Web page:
Specialist commentator comments

Comments on this technology were invited from clinical specialists working in the field and relevant patient organisations. The comments received are individual opinions and do not represent NICE's view.

All 3 of the specialist commentators who provided comments were familiar with or had used this technology before.

Level of innovation

All commentators thought that Noctura 400 Sleep Mask was a novel technology, and 1 highlighted that there was no other treatment available for DR that used this approach. One commentator emphasised that the mask would be used as an add-on therapy for DR, including macular oedema, but could also have a role in preventing the progression of DR. One commentator noted that the mask represented a potentially significant contribution to existing management of patients with pre-clinical or established DR and/or DMO but the precise levels of benefit and patient populations in which the mask should be used were yet to be established.

Potential patient impact

All 3 commentators remarked that the mask has the potential to generate significant benefits to non-proliferative DR to stop progression and the subsequent loss of vision. One commentator added that the mask may benefit patients with proliferative DR and/or DMO but more evidence of benefit is needed. Two commentators stated that the mask would be particularly beneficial for people under 65 as they may have mild, non-proliferative DR. One commentator highlighted that use of the mask should not replace good diabetic control as this is necessary to reduce the risk of complications.

One commentator noted that patients would need to be compliant in order to see the progression of the condition slowed. If that were to happen, fewer hospital visits and invasive treatments (for example, photocoagulation) would be needed. A second commentator added that if use of Noctura 400 led to a reduction in invasive treatments (for example anti-VEGF injections) this would significantly reduce the burden on patients and could lead to improved visual outcomes. The commentator agreed that using the mask could potentially significantly reduce the number of hospital visits needed.

Potential system impact

Two commentators stated that use of the mask would likely have a positive effect on NHS services by reducing the number of people referred to hospitals and the number of treatments for progressive DR.

The commentators thought that some changes to NHS facilities may be needed. Two commentators noted that a monitoring system would be necessary, and suggested that this could be done through virtual clinics and digital surveillance services, which are already set-up in some centres. One commentator suggested that minor changes to process would be needed to provide patients with training on using the mask and discussing the importance of compliance. They added that a system for disposing of the mask and its batteries would also be needed. Another commentator thought that use of the mask could be integrated into present infrastructure very easily as the mask could either be incorporated into the current diabetic screening programme or could be managed by hospital services when patients were attending clinics. The specialist suggested that, depending on the numbers of prescriptions, extra staff may be needed to programme the masks, although they would expect this to be done by the company.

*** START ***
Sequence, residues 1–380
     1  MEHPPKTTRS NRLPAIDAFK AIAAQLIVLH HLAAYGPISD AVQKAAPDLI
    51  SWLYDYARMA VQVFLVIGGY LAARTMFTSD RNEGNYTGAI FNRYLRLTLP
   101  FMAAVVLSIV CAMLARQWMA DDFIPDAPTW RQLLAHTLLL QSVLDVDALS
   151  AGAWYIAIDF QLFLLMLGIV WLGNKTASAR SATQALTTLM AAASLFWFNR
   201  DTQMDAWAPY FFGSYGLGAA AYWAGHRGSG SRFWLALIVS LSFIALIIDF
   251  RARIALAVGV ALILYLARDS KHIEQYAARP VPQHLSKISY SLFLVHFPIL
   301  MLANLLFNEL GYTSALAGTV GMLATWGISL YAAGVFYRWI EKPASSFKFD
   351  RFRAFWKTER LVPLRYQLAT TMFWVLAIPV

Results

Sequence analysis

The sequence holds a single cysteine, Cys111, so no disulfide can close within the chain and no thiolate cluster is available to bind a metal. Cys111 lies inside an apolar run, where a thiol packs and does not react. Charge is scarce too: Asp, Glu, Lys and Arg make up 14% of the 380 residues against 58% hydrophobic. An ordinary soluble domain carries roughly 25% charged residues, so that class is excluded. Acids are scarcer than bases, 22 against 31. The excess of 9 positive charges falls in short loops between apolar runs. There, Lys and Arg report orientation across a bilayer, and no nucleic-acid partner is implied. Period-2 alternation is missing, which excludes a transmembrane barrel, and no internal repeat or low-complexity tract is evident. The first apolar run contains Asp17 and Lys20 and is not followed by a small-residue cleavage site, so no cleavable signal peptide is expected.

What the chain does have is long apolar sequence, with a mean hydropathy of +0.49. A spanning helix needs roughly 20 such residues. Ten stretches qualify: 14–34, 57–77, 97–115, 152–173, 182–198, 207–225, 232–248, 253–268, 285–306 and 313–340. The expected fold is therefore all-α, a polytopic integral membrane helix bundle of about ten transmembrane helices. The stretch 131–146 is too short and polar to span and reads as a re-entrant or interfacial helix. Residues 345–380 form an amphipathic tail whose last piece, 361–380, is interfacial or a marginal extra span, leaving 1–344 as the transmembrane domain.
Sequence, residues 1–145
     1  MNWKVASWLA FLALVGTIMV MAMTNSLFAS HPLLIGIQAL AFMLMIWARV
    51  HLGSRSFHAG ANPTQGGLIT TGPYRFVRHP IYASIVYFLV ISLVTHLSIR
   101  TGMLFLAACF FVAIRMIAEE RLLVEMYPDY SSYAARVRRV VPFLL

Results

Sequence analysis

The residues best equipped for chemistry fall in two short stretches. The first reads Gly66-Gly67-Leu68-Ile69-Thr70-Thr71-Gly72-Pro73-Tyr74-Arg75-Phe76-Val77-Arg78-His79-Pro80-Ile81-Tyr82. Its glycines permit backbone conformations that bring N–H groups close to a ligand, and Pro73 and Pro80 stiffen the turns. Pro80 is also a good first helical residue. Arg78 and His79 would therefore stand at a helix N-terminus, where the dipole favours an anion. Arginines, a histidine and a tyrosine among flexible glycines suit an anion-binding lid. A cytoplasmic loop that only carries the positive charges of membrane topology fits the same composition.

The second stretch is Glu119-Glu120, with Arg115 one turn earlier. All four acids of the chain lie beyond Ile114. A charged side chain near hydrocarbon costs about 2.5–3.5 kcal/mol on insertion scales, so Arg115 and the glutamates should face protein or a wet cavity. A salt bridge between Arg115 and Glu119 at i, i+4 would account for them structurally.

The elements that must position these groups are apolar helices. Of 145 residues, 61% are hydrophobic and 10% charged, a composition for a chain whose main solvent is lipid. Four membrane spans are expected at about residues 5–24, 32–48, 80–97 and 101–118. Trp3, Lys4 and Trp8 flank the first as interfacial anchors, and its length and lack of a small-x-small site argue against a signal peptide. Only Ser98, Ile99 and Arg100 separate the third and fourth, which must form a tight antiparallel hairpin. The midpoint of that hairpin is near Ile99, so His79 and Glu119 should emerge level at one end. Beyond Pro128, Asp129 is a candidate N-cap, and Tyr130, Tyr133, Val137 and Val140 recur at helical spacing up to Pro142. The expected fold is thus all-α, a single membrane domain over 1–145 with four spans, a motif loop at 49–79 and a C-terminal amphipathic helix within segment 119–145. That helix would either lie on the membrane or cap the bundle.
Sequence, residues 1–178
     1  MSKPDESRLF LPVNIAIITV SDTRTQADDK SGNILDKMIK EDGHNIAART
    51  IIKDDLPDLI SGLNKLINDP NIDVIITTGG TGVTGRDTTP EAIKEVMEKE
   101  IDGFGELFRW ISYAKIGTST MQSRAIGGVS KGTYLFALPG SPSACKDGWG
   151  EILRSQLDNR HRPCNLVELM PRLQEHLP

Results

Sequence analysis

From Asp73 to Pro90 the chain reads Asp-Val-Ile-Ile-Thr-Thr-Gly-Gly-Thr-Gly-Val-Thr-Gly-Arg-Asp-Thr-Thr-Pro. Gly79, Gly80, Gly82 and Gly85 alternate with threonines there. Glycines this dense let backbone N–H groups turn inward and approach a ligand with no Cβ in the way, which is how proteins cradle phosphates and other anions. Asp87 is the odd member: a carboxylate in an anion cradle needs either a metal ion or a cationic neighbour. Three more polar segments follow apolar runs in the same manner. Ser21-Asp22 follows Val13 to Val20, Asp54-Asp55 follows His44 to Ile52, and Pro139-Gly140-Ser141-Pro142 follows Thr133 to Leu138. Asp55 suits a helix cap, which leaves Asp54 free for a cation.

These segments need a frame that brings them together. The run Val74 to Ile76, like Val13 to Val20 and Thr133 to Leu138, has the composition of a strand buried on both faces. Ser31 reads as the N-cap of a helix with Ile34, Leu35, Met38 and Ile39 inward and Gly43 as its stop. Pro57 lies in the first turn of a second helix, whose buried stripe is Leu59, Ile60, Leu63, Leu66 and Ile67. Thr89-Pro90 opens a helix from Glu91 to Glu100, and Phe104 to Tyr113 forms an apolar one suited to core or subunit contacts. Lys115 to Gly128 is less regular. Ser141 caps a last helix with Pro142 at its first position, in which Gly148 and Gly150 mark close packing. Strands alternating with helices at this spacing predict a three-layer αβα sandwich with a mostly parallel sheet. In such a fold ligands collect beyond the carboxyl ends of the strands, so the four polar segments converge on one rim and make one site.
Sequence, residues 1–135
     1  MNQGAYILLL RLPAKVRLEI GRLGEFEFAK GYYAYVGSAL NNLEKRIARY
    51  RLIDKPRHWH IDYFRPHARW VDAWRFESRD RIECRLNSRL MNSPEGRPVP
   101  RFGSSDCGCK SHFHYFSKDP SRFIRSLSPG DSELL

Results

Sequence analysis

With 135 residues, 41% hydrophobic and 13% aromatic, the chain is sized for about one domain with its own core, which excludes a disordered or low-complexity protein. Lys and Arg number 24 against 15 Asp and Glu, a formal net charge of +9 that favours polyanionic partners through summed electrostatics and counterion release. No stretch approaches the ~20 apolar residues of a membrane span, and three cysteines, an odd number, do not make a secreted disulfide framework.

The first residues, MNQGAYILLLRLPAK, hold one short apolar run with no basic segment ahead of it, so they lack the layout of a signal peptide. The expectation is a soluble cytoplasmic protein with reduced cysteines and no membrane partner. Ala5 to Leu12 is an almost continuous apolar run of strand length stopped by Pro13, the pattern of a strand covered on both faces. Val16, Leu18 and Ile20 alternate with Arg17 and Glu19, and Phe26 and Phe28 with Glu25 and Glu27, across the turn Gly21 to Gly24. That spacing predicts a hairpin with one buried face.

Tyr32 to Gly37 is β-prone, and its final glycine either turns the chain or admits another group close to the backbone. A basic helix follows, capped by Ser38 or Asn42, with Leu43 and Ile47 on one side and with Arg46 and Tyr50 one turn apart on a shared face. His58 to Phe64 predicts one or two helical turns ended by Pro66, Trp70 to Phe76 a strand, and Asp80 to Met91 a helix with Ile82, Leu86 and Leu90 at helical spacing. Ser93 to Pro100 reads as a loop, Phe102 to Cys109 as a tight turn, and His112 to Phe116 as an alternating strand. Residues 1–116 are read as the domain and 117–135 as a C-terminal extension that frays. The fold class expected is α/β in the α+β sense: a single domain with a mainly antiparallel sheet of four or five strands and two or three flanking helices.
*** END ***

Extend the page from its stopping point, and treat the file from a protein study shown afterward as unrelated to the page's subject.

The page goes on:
One commentator highlighted that the mask would lead to cost savings if it was effective, which they believed had not been shown yet. Another thought that it was difficult to evaluate the potential cost savings with no significant trials or cost-effectiveness information available.

General comments

Two of the specialists highlighted the potential of the Noctura 400 Sleep Mask, if it is proven to be effective, to transform current management of DR and DMO. The results of the ongoing CLEOPATRA and CANDLE studies are needed before further decisions on the potential use of the mask in clinical practice are made. They added that the concerns over potential sleep deprivation and effects on psychomotor vigilance tasks - such as the speed at which people respond to stimuli - and psychosocial wellbeing needed further investigation.

One commentator remarked that the mask hasn't been evaluated in late-stage proliferative DR so it may not be clinically effective in that group. One commentator noted positive feedback from a small number of people with DR who could self-fund the mask.